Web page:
CHINA'S EQUILIBRIUM REAL EXCHANGE RATE: A COUNTERFACTUAL ANALYSIS
Iain Bain () and
Pacific Economic Review, 2008, vol. 13, issue 1, 17-39
Abstract. China's ‘equilibrium’ real effective exchange rate is explored using an adaptation of the Devarajan‐Lewis‐Robinson three‐good general equilibrium model under a variety of assumptions about the balance of trade. The absence of secondary indices of import and export prices necessitates their construction from trade data. Some undervaluation is suggested in the lead‐up to and during the financial crisis, due in part to an extraordinary accumulation of foreign reserves following exchange rate integration in 1994. If, instead, China had run a more typical trade balance prior to the crisis its real effective exchange rate would have been higher by about a tenth.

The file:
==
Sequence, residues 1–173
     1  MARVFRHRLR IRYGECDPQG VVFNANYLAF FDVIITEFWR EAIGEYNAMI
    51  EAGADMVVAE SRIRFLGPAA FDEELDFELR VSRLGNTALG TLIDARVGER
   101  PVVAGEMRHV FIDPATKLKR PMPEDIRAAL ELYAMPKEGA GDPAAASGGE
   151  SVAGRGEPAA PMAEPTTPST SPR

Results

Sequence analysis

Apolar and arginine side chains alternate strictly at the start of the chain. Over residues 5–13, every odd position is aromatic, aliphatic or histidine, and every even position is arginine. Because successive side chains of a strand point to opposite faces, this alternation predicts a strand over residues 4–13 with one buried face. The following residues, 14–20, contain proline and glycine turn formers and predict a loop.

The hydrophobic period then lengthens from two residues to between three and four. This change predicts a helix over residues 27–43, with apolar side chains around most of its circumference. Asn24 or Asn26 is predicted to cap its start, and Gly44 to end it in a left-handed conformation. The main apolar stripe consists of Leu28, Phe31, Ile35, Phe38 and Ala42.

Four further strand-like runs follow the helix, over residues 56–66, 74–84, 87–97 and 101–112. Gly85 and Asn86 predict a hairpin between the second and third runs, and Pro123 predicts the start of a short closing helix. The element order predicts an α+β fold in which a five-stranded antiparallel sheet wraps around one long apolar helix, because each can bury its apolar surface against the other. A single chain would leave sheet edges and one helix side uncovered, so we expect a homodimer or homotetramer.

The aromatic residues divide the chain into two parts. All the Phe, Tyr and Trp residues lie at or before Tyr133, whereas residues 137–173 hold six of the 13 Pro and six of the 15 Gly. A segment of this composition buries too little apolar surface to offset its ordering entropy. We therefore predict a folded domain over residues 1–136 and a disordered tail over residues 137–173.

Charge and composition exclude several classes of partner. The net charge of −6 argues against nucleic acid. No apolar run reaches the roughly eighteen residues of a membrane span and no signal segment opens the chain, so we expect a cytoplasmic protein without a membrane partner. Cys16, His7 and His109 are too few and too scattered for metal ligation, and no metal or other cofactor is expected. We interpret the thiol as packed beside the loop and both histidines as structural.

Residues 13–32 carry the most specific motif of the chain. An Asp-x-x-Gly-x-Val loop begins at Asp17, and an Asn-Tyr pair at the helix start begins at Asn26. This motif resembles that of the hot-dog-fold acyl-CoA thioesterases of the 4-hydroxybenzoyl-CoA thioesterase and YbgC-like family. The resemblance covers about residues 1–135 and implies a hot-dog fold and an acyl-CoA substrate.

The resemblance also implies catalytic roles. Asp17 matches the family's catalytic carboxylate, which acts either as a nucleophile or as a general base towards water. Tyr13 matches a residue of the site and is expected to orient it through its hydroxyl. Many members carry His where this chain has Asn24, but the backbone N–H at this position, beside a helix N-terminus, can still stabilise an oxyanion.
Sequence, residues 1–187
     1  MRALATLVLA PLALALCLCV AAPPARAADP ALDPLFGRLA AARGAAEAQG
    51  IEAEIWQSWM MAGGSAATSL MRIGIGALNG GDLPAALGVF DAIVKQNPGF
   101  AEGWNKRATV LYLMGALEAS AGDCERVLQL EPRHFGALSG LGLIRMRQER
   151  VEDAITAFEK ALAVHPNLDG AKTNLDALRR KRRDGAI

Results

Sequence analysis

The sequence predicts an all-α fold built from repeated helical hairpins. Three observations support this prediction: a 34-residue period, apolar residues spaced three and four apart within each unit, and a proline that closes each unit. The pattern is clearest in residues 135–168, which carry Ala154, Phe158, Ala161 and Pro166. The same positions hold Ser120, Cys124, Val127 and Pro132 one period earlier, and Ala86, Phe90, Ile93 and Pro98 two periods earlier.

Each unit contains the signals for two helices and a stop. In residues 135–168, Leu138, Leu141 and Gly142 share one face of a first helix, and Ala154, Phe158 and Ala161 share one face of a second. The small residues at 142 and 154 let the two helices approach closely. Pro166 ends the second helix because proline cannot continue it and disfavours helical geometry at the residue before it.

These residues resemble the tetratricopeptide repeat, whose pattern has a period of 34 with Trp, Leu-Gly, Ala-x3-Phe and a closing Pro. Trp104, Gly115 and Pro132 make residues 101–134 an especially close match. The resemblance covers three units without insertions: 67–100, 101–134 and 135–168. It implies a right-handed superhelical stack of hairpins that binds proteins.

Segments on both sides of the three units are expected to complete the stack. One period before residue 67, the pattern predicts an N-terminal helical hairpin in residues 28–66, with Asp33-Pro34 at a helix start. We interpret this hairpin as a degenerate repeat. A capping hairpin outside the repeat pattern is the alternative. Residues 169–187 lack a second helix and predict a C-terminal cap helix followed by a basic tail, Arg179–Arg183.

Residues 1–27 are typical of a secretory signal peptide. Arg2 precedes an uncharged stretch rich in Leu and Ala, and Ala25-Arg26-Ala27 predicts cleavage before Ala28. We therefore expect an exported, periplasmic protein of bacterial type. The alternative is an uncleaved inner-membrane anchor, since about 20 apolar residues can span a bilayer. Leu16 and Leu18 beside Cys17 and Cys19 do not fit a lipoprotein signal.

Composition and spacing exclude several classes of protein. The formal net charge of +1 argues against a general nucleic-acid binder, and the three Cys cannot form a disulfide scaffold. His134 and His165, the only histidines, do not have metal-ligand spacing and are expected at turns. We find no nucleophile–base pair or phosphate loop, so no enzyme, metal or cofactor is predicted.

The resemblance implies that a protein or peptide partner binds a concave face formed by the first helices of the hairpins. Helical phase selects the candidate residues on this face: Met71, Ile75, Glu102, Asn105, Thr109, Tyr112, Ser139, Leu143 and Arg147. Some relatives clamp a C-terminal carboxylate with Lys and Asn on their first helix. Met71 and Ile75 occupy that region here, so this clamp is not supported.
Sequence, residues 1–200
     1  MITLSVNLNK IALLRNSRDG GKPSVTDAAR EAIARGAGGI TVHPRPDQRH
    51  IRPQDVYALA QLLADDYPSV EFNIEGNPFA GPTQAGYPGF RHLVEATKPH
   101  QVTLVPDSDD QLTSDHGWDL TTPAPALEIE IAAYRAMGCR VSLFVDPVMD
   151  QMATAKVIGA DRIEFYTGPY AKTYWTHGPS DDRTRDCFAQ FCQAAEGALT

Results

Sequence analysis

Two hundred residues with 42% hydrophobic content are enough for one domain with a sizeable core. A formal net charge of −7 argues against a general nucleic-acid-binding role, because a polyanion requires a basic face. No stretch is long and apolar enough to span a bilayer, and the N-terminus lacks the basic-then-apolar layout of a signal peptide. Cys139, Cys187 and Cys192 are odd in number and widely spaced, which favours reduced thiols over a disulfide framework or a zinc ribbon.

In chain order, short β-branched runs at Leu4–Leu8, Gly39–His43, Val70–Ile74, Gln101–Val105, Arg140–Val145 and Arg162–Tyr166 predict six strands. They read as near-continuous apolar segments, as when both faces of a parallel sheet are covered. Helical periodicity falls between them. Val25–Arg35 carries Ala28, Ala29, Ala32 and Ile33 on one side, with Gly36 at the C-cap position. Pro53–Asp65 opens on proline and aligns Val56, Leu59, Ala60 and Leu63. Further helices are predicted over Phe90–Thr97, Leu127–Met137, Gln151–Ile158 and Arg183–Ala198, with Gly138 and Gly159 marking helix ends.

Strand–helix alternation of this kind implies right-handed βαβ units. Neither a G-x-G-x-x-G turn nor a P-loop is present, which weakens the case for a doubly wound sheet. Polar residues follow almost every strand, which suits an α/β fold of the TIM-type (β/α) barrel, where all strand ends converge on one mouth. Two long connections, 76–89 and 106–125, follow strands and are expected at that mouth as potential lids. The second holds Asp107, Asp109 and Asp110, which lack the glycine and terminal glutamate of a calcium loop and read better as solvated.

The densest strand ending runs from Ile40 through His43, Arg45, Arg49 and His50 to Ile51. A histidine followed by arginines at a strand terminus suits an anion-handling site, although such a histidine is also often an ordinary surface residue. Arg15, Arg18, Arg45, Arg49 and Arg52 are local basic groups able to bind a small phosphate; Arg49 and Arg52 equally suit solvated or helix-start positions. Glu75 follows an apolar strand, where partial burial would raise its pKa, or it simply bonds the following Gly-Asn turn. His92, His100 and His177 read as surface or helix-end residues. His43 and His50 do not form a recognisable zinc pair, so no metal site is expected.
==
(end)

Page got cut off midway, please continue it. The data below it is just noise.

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Working Paper: China’s Equilibrium Real Exchange Rate: A Counterfactual Analysis (2006)
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